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|<== Date ==>||<== Thread ==>|
|Subject:||Re: Unexpected change in behaviour of ai/ao device support|
|From:||"Johnson, Andrew N. via Tech-talk" <firstname.lastname@example.org>|
|To:||"email@example.com" <firstname.lastname@example.org>, "tech-talk (email@example.com)" <firstname.lastname@example.org>|
|Date:||Fri, 14 Jun 2019 21:58:02 +0000|
If you have problems following email quoting, the tech-talk archive seems to do a reasonable job with displaying most messages.
On 6/12/19 1:32 AM, email@example.com wrote:
Optimizing compilers nowadays are becoming much better at generating code that doesn't do what we think it should because our code happens to allow something that isn't strictly legal (but worked fine with a compiler from a few years ago). I'd rather be proactive in removing bad code while I'm actually working on it than have some compiler upgrade find it for us at a bad time.
I admit I did change the semantics, but not for the device support routines that I have access to because they all used positive or zero values for RVAL. The ai and ao records were designed to interface to individual ADCs and DACs, which almost invariably give/take either signed or offset zero integer values of various bit-widths. RVAL was designed to support the offset zero types, for which a zero analog value corresponds to a positive digital value (which is what you put into RVAL). That functionality still works perfectly with the new convert() code, and can now support the full 32-bit range that Dirk Zimoch was asking for at the time.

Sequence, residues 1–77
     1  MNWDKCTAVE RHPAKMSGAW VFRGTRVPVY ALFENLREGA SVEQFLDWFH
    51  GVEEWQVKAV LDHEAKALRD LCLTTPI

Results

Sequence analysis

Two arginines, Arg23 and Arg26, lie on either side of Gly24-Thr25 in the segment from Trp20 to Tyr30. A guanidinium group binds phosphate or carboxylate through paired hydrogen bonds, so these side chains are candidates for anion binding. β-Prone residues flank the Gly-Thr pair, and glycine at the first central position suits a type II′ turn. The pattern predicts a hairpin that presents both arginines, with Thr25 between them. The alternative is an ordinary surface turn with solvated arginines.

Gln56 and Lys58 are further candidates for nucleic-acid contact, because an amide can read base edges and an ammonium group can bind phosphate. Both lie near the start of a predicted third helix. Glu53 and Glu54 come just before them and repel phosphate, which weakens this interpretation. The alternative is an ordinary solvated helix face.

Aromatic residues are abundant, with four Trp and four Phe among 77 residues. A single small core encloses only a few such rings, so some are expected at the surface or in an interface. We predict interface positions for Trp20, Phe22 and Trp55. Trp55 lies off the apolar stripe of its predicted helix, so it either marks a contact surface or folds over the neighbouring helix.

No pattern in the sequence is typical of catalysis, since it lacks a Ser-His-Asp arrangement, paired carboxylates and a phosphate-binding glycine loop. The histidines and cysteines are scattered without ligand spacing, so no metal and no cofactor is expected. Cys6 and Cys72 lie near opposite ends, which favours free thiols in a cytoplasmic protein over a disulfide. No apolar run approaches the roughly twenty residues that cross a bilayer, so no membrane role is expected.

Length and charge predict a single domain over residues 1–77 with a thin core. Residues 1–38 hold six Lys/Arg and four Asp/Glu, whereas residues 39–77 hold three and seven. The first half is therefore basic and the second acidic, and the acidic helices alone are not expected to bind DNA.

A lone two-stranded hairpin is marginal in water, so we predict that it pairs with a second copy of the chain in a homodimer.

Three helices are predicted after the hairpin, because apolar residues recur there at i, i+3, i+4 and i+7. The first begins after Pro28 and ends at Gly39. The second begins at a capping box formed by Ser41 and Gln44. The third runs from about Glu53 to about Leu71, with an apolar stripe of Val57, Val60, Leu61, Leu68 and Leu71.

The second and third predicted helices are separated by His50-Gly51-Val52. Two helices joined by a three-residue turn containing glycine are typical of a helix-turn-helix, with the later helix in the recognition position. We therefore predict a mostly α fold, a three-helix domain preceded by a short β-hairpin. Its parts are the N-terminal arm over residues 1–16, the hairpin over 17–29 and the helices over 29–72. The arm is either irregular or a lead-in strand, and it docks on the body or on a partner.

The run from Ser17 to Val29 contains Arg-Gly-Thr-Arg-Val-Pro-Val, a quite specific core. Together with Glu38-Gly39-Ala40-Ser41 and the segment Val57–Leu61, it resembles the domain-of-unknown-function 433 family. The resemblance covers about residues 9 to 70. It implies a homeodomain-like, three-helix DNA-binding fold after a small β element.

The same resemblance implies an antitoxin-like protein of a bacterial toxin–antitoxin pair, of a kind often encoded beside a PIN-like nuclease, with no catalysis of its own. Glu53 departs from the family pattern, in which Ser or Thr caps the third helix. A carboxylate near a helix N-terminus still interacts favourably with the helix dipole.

So rval = <int32_t> - <int32_t> which was fine as long as the subtraction didn't result in an overflow, since that would be UB.
Now let's look at the value 2147483392=0x7fffff00 instead; subtract -512=-0x200 from that and you get an int32_t overflow and hence UB.
That's not what gets put into RVAL, which is an int32_t so can't hold that anyway. The RVAL I actually get from the new code is -2147483648=0x80000000 because of the bounds checking, which was added to prevent signed overflows from taking place.
You weren't really supposed to put a negative number into ROFF (the Record Reference describes the field as "an offset to be subtracted from the adjusted value"). The fact that Hytec did that was unfortunately a latent bug in their code, which they aren't now around to fix.
So you're suggesting we break all the still-working drivers as well?
As you say it's possible for the device support to read the VAL field directly (or better the OVAL field, since you do want to support the ao's OROC functionality don't you?), although it would still have to implement LINR conversions and ASLO/AOFF adjustments itself.
-- Complexity comes for free, Simplicity you have to work for.